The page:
Annan holds West African mini-summit over Côte d'Ivoire deadlock
West African leaders at a meeting convened by United Nations Secretary-General Kofi Annan have decided to bring the parties in Côte d'Ivoire together later this month in a bid to break the impasse in that country, a UN spokesperson reported today.
Leaders of nine West African States holding talks last night in Addis Ababa, Ethiopia, voiced concern about the stalemate in Côte d'Ivoire, spokesperson Marie Okabe said.
Speaking to reporters after the mini-summit, the Secretary-General said preparations would be made so that the 29 July meeting in Accra, Ghana, "will be concrete, constructive and we should be able to leave…with sure and real achievements."
The Security Council has authorized a peacekeeping operation for Côte d'Ivoire with nearly 7,000 UN personnel to monitor the country's comprehensive ceasefire agreement.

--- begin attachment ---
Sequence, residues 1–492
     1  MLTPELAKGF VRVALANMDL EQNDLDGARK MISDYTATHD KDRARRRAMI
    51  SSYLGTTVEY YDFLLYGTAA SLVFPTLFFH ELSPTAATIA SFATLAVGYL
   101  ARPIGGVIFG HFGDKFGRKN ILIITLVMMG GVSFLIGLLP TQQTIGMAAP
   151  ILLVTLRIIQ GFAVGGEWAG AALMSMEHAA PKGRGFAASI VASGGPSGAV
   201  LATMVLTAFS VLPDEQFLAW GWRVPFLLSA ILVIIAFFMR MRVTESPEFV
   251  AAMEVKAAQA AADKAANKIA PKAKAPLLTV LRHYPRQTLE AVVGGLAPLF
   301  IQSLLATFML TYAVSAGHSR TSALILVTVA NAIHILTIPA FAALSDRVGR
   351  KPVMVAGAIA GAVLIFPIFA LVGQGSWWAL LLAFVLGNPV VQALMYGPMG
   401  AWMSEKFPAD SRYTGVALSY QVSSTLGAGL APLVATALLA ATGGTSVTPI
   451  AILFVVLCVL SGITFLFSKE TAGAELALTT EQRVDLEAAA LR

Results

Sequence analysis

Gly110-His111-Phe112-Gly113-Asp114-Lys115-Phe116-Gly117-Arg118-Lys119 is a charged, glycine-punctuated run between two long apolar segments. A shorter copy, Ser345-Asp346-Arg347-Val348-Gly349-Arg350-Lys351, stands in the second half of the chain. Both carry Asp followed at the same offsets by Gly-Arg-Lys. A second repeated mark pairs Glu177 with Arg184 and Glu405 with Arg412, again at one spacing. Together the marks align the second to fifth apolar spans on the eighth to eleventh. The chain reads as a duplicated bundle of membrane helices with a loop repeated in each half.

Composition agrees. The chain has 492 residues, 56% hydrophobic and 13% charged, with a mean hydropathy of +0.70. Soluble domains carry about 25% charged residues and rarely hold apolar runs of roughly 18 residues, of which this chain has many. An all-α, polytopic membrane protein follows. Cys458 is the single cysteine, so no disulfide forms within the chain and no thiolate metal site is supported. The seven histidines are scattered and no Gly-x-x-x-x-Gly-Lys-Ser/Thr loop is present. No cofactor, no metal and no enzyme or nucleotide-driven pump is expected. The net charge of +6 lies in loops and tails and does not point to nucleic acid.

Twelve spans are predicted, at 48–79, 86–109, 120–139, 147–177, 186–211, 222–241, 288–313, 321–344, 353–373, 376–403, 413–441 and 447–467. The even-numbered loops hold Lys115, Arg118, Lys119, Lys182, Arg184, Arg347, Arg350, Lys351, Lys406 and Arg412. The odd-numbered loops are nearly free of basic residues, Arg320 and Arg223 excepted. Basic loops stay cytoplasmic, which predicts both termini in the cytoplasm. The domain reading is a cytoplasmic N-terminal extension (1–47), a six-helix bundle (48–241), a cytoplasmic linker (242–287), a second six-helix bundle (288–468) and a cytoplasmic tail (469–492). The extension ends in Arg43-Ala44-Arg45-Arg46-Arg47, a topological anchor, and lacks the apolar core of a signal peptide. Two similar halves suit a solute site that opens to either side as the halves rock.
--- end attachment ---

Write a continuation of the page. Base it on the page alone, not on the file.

A Security Council delegation visiting the West African country last month asked President Laurent Gbagbo and Prime Minister Seydou Elimane Diarra why national reconciliation was running into obstacles.
The Office of the UN High Commissioner for Human Rights has established an Independent Commission of Inquiry to investigate claims of serious human rights violations between mid-September 2002 and the signing of the Linas-Marcoussis peace agreement in January 2003.
An earlier report on alleged atrocities committed during demonstrations in the major city, Abidjan, and the capital, Yamoussoukro, was issued late last March.